The petitioner also contends that his sentence violated the Due Process Clause because it was based upon factors not submitted to a jury and proven beyond a reasonable doubt or admitted to by the petitioner. Prior circuit law forecloses that argument. See Chontos v. Berghuis, 585 F.3d 1000, 1002 (6th Cir.2009) (“[The petitioner] argues that the Michigan trial judge violated Apprendi [v. New Jersey, 530 U.S. 466, 120 S.Ct. 2348 (2000)] by finding facts that raised his minimum sentence. But Harris v. United States[, 536 U.S. 545 (2002)] tells us that Apprendi’s rule does not apply to judicial factfinding that increases a minimum sentence so long as the sentence does not exceed the applicable statutory maximum.”). However, the Supreme Court recently decided Alleyne v. United States, in which certiorari was granted to consider the constitutionality of allowing a judge, not a jury, to determine facts that increase a mandatory minimum sentence. --- U.S. ---, 133 S.Ct. 2151, (2012). Alleyne was decided on June 17, 2013. 133 S.Ct. at 2151. The Court overruled Harris and held that “[a]ny fact that, by law, increases the penalty for a crime is an ‘element’ that must be submitted to the jury and found beyond a reasonable doubt. Mandatory minimum sentences increase the penalty for a crime. It follows, then, that any fact that increases the mandatory minimum is an ‘element’ that must be submitted to the jury. Id. at 5155 (citing Apprendi v. New Jersey, 530 U.S. 466, 483 n.10, 490 (2000)).

Michigan uses an indeterminate sentencing scheme for custodial sentences in which the maximum sentence is set by the statute that defines the crime and the sentencing court sets a minimum term of imprisonment that may be as long as two-thirds of the statutory maximum sentence. See Mich. Comp. Laws § 769.34(2)(b); People v. Babcock, 469 Mich. 247, 255 n.7, 666 N.W.2d 231, 236 n.7 (2003) (citing People v. Tanner, 387 Mich. 683, 690, 199 N.W.2d 202 (1972)). However, the sentencing court is obliged to set the minimum term as dictated by the statutory sentencing guideline scheme, which is driven by a scoring system based largely on judge-found facts. See Mich. Comp. Laws § 769.34(2); People v. Drohan, 475 Mich. 140, 161, 715 N.W.2d 778, 790 (2006).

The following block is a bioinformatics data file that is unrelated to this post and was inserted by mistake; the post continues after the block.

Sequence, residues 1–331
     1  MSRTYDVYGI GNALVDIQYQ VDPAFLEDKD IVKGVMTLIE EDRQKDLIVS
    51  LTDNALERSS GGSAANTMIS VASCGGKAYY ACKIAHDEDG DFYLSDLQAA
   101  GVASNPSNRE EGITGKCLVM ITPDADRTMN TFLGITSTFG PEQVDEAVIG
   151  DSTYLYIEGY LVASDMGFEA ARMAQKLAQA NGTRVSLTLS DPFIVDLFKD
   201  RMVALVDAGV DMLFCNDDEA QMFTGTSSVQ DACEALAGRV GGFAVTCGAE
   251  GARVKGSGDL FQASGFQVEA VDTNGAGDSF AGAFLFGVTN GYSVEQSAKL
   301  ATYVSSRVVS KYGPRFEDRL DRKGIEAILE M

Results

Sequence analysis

Because the mandated minimum sentence under Michigan’s sentencing system is based on judge-found facts, the Supreme Court’s decision in Alleyne casts into doubt the continuing validity of Chontos v. Berghuis. But that does not matter here. The writ of habeas corpus upsetting a state court sentence may issue only if the state court’s decision was contrary to, or unreasonably applied, “clearly established Federal law, as determined by the Supreme Court of the United States.” 28 U.S.C. § 2254(d). But the law that state courts must follow is clearly established Supreme Court law as it existed “at the time of the state-court adjudication on the merits.” Greene v. Fisher, 132 S.Ct. 38, 43 (2011); see also Miller v. Stovall, 742 F.3d 642, 644-45 (6th Cir. 2014); In re Mazzio, 756 F.3d 487, 491 (6th Cir. 2014) (“Alleyne does not apply retroactively to cases on collateral review.”). The petitioner was sentenced on March 18, 2013, three months before the Supreme Court’s decision in Alleyne. Therefore, even if Alleyne requires a result different than Chontos, the state court’s decision was not contrary to federal law clearly established by the United States Supreme Court at the time of the sentencing decision. See 28 U.S.C. § 2254(d). The petitioner is not entitled to habeas relief on his Due Process based sentencing claim.

III.

The state court decisions in this case were not contrary to federal law, an unreasonable application of federal law, or an unreasonable determination of the facts. The petitioner has not established that he is presently in custody in violation of the Constitution or laws of the United States.

Accordingly, it is ORDERED that the petition for a writ of habeas corpus [dkt # 1] is DENIED.